In response to these arguments, the followers of LOTR claim that the primary reason why LOTR has been denied its place in the canon is because it has attained a cult status. Works that gain high popularity with modern generations are often looked down by the literary powers as being ‘pop culture’, something that appeals to the reader for the simple purpose of pleasure and is trivial with no real literary value to it. LOTR is a massive and intricate work of fiction, requiring hours and hours of careful reading unlike fantasy films, TV programs, or much of children’s literature. No one need feel apologetic about Tolkien’s monumental status in popular culture. More significantly, though, Tolkien’s writings have strong, expansive and deep roots in the literary history of Western Culture. No enlightened reader should deny or disregard the complex and pervasive literary resonances in Tolkien’s works [ CITATION Cla00 \l 1033 ]. The very fact that Tolkien has used Medieval and Renaissance influences so extensively, makes the books’ an indirect study of various high points in the Western culture. Although critics may call the book ‘unfocused’, it clearly preaches a set of values that have a Christian base. A reader can decipher several virtues like loyalty, friendship, power, the loss of innocence and much more engrained in the book. Unlike ‘pop culture’ books, LOTR has far too many intricacies that require it to be studied and not just read, making it all the more sensible for it to be included in the canon.
How LOTR Fits Into the Modern Literary Canon
In order to understand why Tolkien’s most read work should be included in the modern literary canon, one should first understand what the canon is and what is the criteria for books to get an inclusion. The Western Literary Canon is a list of books that academics believe that every well read, well education must know, if not read. There are currently over three thousand works listed in the canon, including Homer’s Odyssey and Iliad, Hamlet, War and Peace, and also, Beowulf, whose inclusion Tolkien himself had fought for. The purpose of the Canon is to preserve and promote literature that has helped shape the Western culture. Hence, if one understand the ‘canonized’ books, they inadvertently understand the Western culture. The key points to note about works included in the canon are:
1. Cultural Influence – Certain works are the very basis of a culture. For instance, Homer’s Iliad and Virgil’s Aenid are key influencers of the Greek and Roman cultures respectively. Any book being included in the canon needs to have a similar cultural influence.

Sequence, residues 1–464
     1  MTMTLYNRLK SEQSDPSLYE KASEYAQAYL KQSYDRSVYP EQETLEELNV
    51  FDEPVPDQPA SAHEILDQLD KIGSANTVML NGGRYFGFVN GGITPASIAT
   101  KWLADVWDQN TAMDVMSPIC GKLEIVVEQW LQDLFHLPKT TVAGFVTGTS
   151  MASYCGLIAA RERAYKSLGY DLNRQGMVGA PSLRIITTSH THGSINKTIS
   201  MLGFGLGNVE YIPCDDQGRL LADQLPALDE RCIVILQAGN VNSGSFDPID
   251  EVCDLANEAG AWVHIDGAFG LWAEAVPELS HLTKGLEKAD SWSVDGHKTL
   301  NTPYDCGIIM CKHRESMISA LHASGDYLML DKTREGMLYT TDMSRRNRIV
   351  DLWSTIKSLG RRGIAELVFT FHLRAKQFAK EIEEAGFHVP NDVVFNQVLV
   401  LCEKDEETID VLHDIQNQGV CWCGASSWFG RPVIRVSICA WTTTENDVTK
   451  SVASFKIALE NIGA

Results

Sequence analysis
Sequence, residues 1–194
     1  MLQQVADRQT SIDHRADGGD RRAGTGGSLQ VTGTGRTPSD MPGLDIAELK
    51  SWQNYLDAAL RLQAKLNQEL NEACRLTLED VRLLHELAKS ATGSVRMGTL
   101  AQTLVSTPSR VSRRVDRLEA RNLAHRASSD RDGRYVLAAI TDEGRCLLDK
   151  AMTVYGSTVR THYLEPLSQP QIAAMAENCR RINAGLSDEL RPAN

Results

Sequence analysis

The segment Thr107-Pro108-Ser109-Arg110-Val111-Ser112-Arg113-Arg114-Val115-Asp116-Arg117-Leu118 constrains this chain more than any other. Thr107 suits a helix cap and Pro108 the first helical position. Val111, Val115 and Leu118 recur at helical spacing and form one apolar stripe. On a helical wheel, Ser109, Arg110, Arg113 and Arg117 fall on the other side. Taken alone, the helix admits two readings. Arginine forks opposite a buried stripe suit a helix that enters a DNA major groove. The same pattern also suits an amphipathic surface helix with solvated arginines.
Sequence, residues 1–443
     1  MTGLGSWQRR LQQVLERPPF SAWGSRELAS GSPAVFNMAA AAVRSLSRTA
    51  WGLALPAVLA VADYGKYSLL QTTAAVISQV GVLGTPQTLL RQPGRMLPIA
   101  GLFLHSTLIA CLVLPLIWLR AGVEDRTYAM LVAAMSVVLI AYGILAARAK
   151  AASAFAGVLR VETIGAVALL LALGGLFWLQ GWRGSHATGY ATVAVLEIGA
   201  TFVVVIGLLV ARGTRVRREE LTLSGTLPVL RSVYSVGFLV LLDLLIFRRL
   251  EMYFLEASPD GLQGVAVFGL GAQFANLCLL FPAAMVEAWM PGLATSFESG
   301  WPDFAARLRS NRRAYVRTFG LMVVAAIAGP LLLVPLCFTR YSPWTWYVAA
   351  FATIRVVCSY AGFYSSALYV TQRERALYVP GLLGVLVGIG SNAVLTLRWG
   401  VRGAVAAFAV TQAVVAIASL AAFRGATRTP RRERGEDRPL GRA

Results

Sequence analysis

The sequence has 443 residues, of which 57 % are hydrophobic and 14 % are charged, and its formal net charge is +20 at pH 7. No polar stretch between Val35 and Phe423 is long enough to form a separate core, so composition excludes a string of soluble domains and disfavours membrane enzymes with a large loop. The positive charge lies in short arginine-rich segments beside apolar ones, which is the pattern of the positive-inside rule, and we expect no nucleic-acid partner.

2. Educational Influence – The book should carry great educational value. Students in classrooms should be able to learn several concepts, philosophies and virtues by reading that single work. If the book can be taught in a classroom, it can hold a place in the canon.
3. Controversies – Some of the greatest works included in the canon, like James Joyce’s Ulysses, stirred a lot of controversy on being published. This is mainly due to the fact that book preaches a thought that has the potential to change a culture and change is never brought about without facing stiff opposition.
The LOTR books contain all of these traits. Firstly, it is not just a story based entirely on fiction. Tolkien wrote the book during the time of World War II and this clearly reflects in showing the Sauron’s return to power and an attempt to take over Middle Earth. This can be compared to the overthrow of Fascist powers in World War I and their rise again in World War II. The book is full of such similitude, making it a hidden account of world history’s biggest wars. Secondly, there is a lot that students can learn from the book that is relevant to modern culture and will probably remain relevant in times to come. The age old story of Good vs. Evil is told in a manner that is easy to relate to and understand by the youth, making the work ideal to be taught at schools. Finally, as with other canonized works, LOTR too faced several controversies when it was published. Critics accused Tolkien of preaching his political views through his books and attempting to influence reader’s minds. Whether this is true or not, it remains a fact that, for a work that was written off a ‘juvenile’, it definitely stirred a lot of controversy.
Since the time it was published, LOTR has met either stern criticism or lavish praise. In either case, it is not a work that can be ignored or read with indifference. The work has become a part of the Western culture and remains popular with the youth as well as adults even today. In fact, its influence has now reached across the Western borders and the books have gained unprecedented popularity across the globe. Having all the traits required for a book to be canonized, The Lord of the Rings by JRR Tolkien definitely deserves a place in the modern Western literary canon.
Auden, W H. "Book Review - The Return of the King." 22 January 1956. www.nytimes.com. 22 April 2011 <http://www.nytimes.com/1956/01/22/books/tolkien-king.html>.
Chance, Jane. Lord of the Rings: The Mythology of Power, Revised Edition. Lexington: The Unversity Press of Kentucky, 2001.
Clark, George and Daniel Timmons. JRR Tolkien and His Literary Resonances - Views of Middle Earth. Westport: Greenwood Press, 2000
Lewis, C. S., “The Gods Return To Earth.” Time and Tide, 14 Aug. 1954: 1082 – 1083
Wilson, Edmund. “Oo, Those Awful Orcs.” 1956. The Bit Between My Teeth: A literary Chronicle on 1950 - 1965. New York: Farrar, 1965. 326 - 332.
Blissett, William. “The Despots of the Rings.” South Atlantic Quarterly 58 (1959): 448 - 456
Morcock, Michael. “Wizardry and Wild Romance: A Study of Epic Fantasy.” London: Golancz, 1987.